“The word ‘revert’ refers to the idea that if you were to study the Koran you would realize that you were a Muslim all your life and you didn’t realize it. That’s what happened to me,” she said on Friday night’s Late Late Show.
“I am 52. I grew up in a very different Ireland to the one that exists now and it was a very oppressed country religiously speaking. And everybody was miserable; nobody was getting any joy in God.”
In October 2018, the popular Irish singer-songwriter revealed on Twitter that she had ditched Catholicism for Islam and changed her name to Shuhada’ Davitt.
On Friday, she spoke about reading the scriptures as a child and later exploring other religious texts “trying to find the truth about God”. She left Islam until last because she held her own prejudices about the religion, she said.
“I [then] realized oh my God I am home, I have been a Muslim all my life and I didn’t even realize it.”
Asked if she enjoys being 52 and if she was happy in life, the famous singer said she now felt like a 17-year-old.
“My experience of ageing is that as my body is getting older, I am getting younger,” she said.
The singer received a lot of support from people who said they were glad to see her happy and healthy.
Don’t think I’ve ever seen Sinéad seem so relaxed and happy in a tv interview. Good on her. She’s brilliant #latelateshow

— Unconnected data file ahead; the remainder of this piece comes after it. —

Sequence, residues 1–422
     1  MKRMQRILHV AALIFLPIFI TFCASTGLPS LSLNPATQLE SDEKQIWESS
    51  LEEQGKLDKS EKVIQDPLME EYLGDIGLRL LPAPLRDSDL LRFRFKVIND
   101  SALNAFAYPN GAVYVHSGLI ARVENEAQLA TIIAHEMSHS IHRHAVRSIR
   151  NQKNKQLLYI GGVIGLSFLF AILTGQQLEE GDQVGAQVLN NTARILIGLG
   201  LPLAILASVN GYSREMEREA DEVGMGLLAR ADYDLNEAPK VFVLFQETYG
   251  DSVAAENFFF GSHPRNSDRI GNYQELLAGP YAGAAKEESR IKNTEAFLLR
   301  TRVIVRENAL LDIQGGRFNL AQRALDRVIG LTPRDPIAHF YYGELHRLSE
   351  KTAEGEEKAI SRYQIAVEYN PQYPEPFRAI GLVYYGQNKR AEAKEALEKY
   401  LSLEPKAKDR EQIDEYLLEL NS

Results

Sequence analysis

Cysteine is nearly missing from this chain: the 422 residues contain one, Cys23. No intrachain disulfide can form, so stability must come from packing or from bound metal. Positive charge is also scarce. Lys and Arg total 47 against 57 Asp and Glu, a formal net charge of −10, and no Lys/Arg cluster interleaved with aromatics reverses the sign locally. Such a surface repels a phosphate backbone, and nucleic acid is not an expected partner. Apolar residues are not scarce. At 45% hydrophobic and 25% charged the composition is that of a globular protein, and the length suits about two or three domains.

— Richard Sheehan (@risteard69) September 6, 2019
I don’t care what Sinead O’Connor is wearing. She sounds amazing & more importantly seems happy & healthy. Her voice is still absolutely incredible #latelateshow
— @Aoifs123 (@Aoifs123) September 6, 2019
So brilliant to see you happy and healthy Sinead. ❤️❤️❤️
— Ben Kenobi (@kenobifan1977) September 7, 2019
Glad to see Sinead healthy and that she has found some sense of peace.
An amazing talent.
— collie ennis (@collieennis) September 6, 2019
According to the 2016 Pew Research Centre report, Religion and Education Around the World, it is estimated that Ireland’s Muslim population stands at approximately 70,000, of whom 2,000 are said to be doctors.
A 2011 census recorded 49,204 Muslims, including nearly 12,000 school-aged children. The numbers represent a 51 percent increase since 2006.